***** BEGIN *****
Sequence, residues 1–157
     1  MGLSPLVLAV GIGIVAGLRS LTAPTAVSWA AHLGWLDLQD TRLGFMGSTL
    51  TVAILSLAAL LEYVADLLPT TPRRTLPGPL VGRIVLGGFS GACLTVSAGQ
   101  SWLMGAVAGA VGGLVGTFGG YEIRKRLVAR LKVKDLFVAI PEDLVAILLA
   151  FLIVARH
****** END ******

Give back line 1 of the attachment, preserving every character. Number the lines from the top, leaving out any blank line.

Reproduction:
Sequence, residues 1–157